Safety to be reviewed at Brancaster beach

Walking the dog on Brancaster Beach in the winter. Picture; Matthew Usher.

Walking the dog on Brancaster Beach in the winter. Picture; Matthew Usher. - Credit: Matthew Usher

Safety at a beach where three sisters were nearly swept away by the sea after being caught out by a sudden rising tide is to be reviewed to see whether extra signs should be put in place.

Hunstanton RNLI made a presentation to the National Trust, which owns Brancaster beach, about the need for increased safety warnings in light of the near-tragedy during the tourist season in August.

It included a dramatic video of the rescue of 23-year-old Zoe O'Donnell and her 12-year-old twin sisters, Molly and Daisy, whichb showed them screaming for help as they clinged to a marker buoy.

Geoff Needham, spokesman for Hunstanton RNLI, said: 'We made clear our concerns over if there was any way to make people more aware. The presentation was well-received and they took it very seriously.'

A spokesman for the National Trust said: 'We are now looking ahead to next summer and how we can improve what we do.

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'Our coastal ranger for Brancaster will continue to work closely with the warden at Natural England, which manages Scolt Head Island, to plan our patrols at key times during next year's holiday season.

'We are also reviewing our safety signs, which sit in place at the entrance to Brancaster beach. These are modelled on the RNLI's guide to beach safety signage and we will be seeking their input on any possible changes.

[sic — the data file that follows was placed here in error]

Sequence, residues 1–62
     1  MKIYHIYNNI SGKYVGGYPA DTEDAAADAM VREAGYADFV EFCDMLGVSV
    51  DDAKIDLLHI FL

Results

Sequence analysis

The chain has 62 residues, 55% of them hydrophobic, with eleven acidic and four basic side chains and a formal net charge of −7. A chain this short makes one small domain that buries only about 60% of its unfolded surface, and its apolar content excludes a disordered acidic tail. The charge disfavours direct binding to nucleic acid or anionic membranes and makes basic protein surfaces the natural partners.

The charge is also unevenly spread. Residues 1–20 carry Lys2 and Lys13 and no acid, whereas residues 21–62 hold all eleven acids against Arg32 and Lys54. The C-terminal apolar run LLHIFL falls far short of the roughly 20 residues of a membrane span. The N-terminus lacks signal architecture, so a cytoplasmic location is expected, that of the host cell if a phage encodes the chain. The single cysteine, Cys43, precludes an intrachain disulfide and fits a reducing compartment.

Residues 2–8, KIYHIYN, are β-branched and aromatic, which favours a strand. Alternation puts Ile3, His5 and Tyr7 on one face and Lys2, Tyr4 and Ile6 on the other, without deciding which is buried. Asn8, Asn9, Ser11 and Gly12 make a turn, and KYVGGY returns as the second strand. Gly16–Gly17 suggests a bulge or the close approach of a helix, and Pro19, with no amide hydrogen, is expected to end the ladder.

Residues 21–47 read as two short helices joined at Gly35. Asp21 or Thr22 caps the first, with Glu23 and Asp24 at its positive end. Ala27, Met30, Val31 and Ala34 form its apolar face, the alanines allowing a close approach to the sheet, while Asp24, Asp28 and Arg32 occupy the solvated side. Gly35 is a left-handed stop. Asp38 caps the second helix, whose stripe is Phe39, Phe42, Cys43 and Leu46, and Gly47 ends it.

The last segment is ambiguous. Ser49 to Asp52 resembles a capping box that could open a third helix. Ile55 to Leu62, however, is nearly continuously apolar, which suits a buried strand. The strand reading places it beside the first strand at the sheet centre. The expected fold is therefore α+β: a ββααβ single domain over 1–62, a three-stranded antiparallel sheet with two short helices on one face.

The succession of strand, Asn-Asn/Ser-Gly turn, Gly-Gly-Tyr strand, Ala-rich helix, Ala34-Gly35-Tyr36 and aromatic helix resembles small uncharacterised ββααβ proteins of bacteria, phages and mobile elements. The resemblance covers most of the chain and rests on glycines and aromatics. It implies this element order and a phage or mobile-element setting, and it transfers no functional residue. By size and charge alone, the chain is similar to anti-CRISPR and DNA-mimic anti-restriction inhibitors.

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'We are also looking into how we can work with other organisations to increase public awareness of tidal dangers.'

Mr Needheam said that, in his personal view, some of the warning signs that were on the beach 'could be better positioned'.

He added: 'People I spoke to said the first sign they saw was for the golf course. Getting the signage repositioned in a different place could be more effective.

He added that: 'Our advice to people is to stay on the beach, as there is no problem on the beach,' as people experience problems when they go further out and people get caught by the fast currents.

Miss O'Donnell was with her sisters and her 29-year-old boyfriend, Nickie Davies, when they had gone to visit a shipwreck.

But they were caught out by the tide, with the sisters clinging a marker buoy while Mr Davies, of Sefton Avenue, Wisbech, swam to the shore to try to get help.

The RNLI reached the group within 30 minutes but just as they were about to rescue the sisters, two of the girls lost their grip and were swept further out to sea.

Senior helmsman Michael Darby jumped off his boat and swam against the tide to save one of the girls still clinging to the buoy but who had become distressed.

He inflated his lifejacket in order to keep both of them afloat.

Mr Davies said: 'There definitely needs to be more to make people aware.

'So many people get caught out.'

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